The size and complexity of today's graphs present challenges that necessitate the discovery of new algorithms. One central area of research in this endeavor is computing and estimating distances in graphs. In this talk I will discuss two fundamental families of distance problems in the context of modern graphs: Diameter/Radius/Eccentricities and Hopsets/Shortcut Sets.

The best-known algorithm for computing the diameter (largest distance) of a graph is the naive algorithm of computing all-pairs shortest paths and returning the largest distance. Unfortunately, this can be prohibitively slow for massive graphs. Thus, it is important to understand how fast and how accurately the diameter of a graph can be approximated. I will present tight bounds for this problem via conditional lower bounds from fine-grained complexity.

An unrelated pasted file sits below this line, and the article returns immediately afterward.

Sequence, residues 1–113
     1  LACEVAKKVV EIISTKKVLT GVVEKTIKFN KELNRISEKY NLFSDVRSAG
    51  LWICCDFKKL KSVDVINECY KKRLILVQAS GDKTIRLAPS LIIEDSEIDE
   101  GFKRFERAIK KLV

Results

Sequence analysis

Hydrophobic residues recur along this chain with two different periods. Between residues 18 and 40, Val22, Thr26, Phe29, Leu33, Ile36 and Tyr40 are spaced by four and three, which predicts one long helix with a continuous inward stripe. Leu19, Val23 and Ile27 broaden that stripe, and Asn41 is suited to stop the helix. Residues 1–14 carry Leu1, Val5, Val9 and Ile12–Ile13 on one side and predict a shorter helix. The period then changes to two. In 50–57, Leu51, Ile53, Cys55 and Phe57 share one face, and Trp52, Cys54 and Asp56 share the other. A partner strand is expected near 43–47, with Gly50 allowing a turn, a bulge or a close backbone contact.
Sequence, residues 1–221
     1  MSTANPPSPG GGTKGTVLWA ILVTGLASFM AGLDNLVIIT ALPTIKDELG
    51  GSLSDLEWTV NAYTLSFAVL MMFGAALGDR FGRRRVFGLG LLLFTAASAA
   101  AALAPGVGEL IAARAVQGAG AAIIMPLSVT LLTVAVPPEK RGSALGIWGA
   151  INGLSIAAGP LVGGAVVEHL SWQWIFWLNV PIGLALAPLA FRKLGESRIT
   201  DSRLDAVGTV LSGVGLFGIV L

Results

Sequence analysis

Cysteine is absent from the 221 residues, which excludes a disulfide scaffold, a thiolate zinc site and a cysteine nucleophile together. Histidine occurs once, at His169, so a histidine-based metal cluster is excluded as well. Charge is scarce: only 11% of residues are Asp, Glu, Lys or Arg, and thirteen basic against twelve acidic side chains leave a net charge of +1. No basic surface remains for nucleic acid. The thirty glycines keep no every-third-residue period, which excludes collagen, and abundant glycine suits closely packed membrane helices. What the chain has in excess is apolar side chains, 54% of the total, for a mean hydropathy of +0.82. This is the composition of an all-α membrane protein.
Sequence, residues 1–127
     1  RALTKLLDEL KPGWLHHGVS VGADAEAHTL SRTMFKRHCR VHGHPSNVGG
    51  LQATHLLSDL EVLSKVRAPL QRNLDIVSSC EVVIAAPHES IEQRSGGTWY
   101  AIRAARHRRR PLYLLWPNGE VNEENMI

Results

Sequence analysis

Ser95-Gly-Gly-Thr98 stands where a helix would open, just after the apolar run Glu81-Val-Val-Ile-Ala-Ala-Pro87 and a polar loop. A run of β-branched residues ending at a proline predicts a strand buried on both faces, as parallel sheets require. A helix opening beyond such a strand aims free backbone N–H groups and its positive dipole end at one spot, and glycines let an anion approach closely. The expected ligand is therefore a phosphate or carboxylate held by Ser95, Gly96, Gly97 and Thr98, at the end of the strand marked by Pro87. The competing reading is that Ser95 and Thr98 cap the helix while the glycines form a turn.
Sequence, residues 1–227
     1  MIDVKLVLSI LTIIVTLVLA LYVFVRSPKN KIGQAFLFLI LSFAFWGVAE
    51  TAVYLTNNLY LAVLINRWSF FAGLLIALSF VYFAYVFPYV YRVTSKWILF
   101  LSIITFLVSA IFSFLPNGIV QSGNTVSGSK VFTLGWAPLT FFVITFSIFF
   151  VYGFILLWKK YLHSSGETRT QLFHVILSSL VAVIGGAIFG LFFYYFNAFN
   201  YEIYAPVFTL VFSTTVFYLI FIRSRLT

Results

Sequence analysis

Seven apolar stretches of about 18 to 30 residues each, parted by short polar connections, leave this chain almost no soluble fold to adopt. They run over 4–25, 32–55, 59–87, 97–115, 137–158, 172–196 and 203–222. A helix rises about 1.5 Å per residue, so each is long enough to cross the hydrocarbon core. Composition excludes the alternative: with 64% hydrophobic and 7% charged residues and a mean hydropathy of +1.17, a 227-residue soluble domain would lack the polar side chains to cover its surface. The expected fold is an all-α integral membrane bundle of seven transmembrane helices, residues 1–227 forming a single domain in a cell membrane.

Secondly, for a number of settings relevant to modern graphs (e.g. parallel algorithms, streaming algorithms, dynamic algorithms), distance computation is more efficient when the input graph has low hop-diameter. Thus, a useful preprocessing step is to add a set of edges (a hopset) to the graph that reduces the hop-diameter of the graph, while preserving important distance information. I will present progress on upper and lower bounds for hopsets.

Nicole Wein is a Simons Postdoctoral Leader at DIMACS at Rutgers University. Previously, she obtained her Ph.D. from MIT advised by Virginia Vassilevska Williams. She is a theoretical computer scientist and her research interests include graph algorithms and lower bounds including in the areas of distance-estimation algorithms, dynamic algorithms, and fine-grained complexity.